# Night owls are more creative than morning people. A 2006 study published in the journal Personality and Individual Differences found when it came to completing an activity based on originality, elaboration, fluidity, and flexibility factors, evening types tested based on this criteria. This suggests nocturnal types are more likely to be creative because of their non-conventional spirit enabled them to find alternative and original solutions.
# Night owls score higher on general intelligence tests. A 2013 study published in the journal Personality and Individual Differences found night owls tend to score higher on inductive reasons tests, which is related to general intelligence. These traits tend to be associated with greater occupational success and higher incomes. Ben Franklin advocated a famous saying: “early to bed and early to rise makes a man healthy, wealthy, and wise.” He was wrong. There is no scientific evidence that following his advice about going to bed and getting up early is associated with any health, socioeconomic, or cognitive advantage. If anything, night owls were wealthier than morning people and there was no difference in their health or wisdom.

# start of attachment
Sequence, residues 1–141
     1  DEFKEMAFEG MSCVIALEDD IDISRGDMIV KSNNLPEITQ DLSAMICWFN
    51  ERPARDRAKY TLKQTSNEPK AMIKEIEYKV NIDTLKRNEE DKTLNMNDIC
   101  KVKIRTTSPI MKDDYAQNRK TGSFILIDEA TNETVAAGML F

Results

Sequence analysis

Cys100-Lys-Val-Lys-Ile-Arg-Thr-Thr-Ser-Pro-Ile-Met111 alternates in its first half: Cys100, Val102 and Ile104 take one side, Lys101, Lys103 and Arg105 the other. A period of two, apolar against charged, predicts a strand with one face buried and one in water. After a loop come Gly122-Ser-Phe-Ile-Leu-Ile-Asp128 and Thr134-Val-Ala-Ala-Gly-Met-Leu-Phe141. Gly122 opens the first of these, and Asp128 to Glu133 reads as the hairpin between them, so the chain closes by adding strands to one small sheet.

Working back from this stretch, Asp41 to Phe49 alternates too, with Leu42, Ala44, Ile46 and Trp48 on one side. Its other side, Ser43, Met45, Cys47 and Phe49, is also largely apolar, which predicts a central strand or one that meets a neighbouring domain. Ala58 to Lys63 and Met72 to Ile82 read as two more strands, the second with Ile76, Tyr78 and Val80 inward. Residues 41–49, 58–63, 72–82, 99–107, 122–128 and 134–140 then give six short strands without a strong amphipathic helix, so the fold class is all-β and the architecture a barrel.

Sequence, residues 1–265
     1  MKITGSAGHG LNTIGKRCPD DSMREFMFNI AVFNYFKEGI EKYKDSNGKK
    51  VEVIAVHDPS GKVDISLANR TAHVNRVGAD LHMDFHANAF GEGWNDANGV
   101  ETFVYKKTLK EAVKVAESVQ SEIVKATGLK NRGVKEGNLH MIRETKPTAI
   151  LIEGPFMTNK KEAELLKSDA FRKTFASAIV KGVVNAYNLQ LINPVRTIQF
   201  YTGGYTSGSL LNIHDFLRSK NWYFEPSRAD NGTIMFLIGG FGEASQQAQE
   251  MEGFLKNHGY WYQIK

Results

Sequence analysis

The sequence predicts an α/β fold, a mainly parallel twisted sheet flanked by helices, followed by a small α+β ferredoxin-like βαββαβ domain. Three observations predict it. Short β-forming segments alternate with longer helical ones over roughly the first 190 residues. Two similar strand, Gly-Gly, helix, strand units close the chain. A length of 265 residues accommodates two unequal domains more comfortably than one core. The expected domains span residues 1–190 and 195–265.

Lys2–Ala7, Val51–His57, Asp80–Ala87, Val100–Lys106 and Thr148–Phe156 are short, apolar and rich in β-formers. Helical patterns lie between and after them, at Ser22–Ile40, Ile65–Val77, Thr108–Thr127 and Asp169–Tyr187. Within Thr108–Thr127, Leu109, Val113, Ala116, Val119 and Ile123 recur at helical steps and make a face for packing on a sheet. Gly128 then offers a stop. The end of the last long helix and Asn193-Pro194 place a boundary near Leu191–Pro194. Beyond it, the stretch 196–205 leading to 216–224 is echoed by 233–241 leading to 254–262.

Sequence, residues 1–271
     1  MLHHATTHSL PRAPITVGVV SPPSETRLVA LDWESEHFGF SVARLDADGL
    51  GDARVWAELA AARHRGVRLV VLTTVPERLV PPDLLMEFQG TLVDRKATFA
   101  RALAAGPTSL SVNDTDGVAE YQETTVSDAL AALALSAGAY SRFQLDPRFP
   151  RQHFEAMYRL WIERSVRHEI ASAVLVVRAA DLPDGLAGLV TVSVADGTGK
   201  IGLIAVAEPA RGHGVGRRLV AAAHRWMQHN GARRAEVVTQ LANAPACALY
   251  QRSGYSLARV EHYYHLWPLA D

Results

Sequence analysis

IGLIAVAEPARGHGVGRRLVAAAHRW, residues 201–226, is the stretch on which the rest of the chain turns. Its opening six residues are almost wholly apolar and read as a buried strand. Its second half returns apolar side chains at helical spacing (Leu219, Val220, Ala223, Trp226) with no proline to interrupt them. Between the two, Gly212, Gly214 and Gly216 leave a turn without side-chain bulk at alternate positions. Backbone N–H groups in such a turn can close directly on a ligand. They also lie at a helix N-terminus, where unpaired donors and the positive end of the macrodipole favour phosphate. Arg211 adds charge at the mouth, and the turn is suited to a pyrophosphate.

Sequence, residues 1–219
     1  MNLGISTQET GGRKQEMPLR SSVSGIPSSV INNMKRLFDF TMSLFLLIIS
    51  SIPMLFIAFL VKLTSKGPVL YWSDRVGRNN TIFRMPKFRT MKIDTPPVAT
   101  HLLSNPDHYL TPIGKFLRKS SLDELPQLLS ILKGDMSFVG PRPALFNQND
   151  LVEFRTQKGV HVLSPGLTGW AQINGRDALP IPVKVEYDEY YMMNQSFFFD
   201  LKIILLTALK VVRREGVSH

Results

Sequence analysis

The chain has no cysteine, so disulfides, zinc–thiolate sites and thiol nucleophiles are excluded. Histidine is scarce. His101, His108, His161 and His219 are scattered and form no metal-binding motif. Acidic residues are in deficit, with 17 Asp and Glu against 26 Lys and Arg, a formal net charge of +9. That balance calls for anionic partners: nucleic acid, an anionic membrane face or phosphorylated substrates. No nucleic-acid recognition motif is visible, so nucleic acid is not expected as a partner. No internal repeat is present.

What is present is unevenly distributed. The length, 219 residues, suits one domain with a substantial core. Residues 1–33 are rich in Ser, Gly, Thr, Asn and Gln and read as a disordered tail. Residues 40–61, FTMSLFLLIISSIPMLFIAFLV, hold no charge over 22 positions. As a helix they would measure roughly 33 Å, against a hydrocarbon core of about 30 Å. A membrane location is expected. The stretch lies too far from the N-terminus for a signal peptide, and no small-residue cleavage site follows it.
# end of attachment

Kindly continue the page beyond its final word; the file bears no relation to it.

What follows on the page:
# Night owls have different brains. Natural tendencies toward sleeping and waking are different when it comes to their brain. Researchers in Germany hooked up early birds and night owls to a diffusion MRI machine to see what was happening inside their heads. The findings revealed night owls' white matter was in worse condition than their early bird counterparts, especially in areas associated with sadness and depression.
# Night owls have higher brain activity. Compared to night owls, early birds have lower activity in brain regions linked to attention and the circadian master clock, according to a 2009 study published in the journal Science.